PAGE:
Agenda item

The Health and Wellbeing Strategy

A presentation welcoming feedback on the draft version of the Herefordshire Health and Wellbeing Strategy ahead of the final version sign-off later in the year.


Matt Pearce (Director of Public Health) provided an overview of the draft Health and Wellbeing Strategy in order to invite comments from the board on the draft strategy. The principal points included:


  1. The strategy focuses on a prevention-first approach; community empowerment; reducing inequalities; workforce and integrated ways of working; and outcomes of the strategy.
  2. In addition to primary priorities (good mental health and wellbeing), there are a number of secondary/supporting priorities which emphasise the important role that is played in people’s overall health and wellbeing.
  3. There are four identified goals that also reflect the wider factors that determine people’s health and wellbeing. These include:
    1. Thriving communities
    2. Healthy and Sustainable Places
    3. Opportunities for all
    4. Healthy People
  4. The strategy also talks about what does a priority mean and there still needs to be further discussions as to how these are reported including the potential of the HWBB holding dedicated sessions to explore the priorities in more detail, in addition to reports being brought back to the board to report on whether these priorities are being delivered.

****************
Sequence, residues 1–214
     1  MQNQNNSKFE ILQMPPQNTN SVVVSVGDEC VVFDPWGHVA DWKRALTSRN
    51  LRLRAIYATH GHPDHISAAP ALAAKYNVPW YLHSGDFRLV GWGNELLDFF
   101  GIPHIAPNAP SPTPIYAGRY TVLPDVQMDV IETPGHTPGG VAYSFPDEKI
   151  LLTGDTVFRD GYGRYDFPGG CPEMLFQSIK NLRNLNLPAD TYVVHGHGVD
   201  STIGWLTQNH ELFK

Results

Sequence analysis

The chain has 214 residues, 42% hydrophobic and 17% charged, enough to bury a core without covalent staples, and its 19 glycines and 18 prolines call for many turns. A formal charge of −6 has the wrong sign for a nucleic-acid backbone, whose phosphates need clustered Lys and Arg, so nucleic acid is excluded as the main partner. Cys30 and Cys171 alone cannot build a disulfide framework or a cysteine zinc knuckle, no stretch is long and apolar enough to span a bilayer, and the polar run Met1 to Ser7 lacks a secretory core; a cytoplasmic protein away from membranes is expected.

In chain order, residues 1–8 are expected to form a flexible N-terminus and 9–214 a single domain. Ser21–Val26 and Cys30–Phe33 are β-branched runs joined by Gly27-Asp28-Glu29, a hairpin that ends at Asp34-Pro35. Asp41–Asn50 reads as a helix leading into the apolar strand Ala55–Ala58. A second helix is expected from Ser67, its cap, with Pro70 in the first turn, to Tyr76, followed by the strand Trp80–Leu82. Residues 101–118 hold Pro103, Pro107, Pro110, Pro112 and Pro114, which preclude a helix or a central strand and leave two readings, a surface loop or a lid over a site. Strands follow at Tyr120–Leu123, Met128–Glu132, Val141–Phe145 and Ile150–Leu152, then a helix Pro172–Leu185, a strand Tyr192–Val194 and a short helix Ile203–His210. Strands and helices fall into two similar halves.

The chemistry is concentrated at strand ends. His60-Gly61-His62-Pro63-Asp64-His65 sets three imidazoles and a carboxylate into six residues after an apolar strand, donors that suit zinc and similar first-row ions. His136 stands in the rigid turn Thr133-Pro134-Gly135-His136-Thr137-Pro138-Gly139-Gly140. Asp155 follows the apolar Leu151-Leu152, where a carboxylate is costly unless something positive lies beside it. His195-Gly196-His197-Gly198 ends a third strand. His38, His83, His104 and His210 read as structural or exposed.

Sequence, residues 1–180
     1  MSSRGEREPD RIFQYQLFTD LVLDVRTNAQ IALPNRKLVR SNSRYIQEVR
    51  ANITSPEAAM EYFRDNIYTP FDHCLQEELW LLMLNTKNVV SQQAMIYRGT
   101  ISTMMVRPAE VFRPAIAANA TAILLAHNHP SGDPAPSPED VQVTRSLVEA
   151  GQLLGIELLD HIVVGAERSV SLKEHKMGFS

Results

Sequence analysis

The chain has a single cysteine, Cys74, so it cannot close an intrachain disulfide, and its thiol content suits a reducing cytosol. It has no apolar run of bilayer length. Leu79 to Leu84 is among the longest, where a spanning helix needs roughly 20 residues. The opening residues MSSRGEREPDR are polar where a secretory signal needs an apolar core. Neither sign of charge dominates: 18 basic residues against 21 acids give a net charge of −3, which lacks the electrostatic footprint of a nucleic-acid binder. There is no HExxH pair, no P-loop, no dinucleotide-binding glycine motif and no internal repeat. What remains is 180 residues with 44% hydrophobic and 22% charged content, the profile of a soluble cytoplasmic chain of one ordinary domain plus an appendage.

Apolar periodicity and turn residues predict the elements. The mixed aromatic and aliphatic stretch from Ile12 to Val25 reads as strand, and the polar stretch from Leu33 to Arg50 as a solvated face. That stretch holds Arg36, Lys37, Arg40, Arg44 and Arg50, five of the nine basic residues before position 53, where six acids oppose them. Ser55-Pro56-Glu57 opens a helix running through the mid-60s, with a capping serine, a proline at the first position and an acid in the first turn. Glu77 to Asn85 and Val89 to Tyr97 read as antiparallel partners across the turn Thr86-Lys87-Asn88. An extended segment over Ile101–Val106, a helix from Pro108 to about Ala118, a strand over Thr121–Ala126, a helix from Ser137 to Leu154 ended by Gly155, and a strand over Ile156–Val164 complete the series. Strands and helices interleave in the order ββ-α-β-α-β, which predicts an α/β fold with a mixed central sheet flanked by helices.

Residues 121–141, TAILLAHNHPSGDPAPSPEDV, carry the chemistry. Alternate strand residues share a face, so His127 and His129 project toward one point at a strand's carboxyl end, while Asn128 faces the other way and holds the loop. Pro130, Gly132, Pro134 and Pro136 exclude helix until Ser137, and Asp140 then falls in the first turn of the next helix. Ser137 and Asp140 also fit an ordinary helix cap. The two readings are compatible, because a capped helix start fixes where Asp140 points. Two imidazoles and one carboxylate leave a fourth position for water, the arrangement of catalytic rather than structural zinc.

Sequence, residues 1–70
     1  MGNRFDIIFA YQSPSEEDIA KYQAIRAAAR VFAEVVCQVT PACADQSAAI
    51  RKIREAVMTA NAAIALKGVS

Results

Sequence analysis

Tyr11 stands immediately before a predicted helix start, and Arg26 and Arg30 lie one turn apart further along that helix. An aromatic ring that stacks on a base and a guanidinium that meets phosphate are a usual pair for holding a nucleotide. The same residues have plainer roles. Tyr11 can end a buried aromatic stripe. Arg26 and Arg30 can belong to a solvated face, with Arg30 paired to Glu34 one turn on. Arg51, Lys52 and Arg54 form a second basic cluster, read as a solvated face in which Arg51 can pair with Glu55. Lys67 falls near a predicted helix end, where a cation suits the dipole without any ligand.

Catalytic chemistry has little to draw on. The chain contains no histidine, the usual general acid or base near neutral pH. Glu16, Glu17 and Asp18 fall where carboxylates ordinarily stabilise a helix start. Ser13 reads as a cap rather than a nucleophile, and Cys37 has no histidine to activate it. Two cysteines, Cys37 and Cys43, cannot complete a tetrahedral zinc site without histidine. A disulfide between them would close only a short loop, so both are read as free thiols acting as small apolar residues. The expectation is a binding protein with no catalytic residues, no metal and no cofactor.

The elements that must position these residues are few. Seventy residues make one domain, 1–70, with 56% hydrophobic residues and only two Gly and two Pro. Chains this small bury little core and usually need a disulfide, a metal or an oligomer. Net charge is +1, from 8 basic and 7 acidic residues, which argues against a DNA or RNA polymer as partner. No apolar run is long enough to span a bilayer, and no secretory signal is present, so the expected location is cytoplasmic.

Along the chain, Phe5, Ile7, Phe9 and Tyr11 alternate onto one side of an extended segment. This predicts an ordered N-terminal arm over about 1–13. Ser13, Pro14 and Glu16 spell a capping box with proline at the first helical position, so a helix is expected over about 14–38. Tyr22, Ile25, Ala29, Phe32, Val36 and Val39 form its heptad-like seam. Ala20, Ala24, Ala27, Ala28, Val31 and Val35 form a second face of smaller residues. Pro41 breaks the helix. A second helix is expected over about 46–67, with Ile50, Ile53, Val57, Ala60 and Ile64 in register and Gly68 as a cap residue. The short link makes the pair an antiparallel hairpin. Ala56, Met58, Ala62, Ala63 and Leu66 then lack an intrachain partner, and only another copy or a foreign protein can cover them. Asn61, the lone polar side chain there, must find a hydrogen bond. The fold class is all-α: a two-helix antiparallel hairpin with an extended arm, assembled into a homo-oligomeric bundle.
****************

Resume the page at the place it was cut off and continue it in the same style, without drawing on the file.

5. The two main priorities of the strategy are:
    1. Best start in life for children
    2. Good mental wellbeing throughout life
  6. The two priorities reflect the ten-year period of the strategy and thus underline high-level outcomes.
  7. The next step, once the strategy has been ratified, is to delegate to partnerships beneath the board to align existing work within the integrated care system and primary care networks. Ultimately, the intention of the strategy, in its current form, is to therefore emphasise the key-level outcomes going forward.
  8. Against those two primary priorities and the six supporting priorities, there is consideration about how delivery of these priorities sit across the system (p20 of strategy).
  9. There are high-level outcomes included within the strategy alongside the strategic outcomes, primary outcomes, and secondary outcomes. There needs to be some refinement in the coming weeks to fully understand what the impact will be.
  10. In terms of governance, there has been discussion with partnerships regarding who owns the strategy and there have been early conversations with One Herefordshire Partnership potentially having oversight and holds the delivery groups to account.
  11. The next steps of the strategy are ongoing consultations with partners and sign-off of the strategy on 27th April. There are scheduled feedback sessions with the public on the 28th and 30th April, in addition to continuous engagement with the public going forward.


Councillor Pauline Crockett (Chair of the board) thanked the Director of Public Health and Mary Knower for the engagement consultation. The Chair then proceeded to ask members for comments and questions on the strategy.


Councillor David Hitchiner asked the director for clarification regarding ‘prevention and early intervention’ on page 10 of the draft strategy. The Director of Public Health explained that primary, secondary, and tertiary prevention are primarily associated with health and focused on preventing disease. The intention was to frame the three tiers of prevention across the wider sense of health including housing, the environment, lifestyle etc. and therefore encapsulate a broad definition of prevention. Mary Knower (Public Health Programme Manager) agreed with this explanation and restated the aim to emphasise that health and wellbeing goes beyond just thinking about what public sector services provide.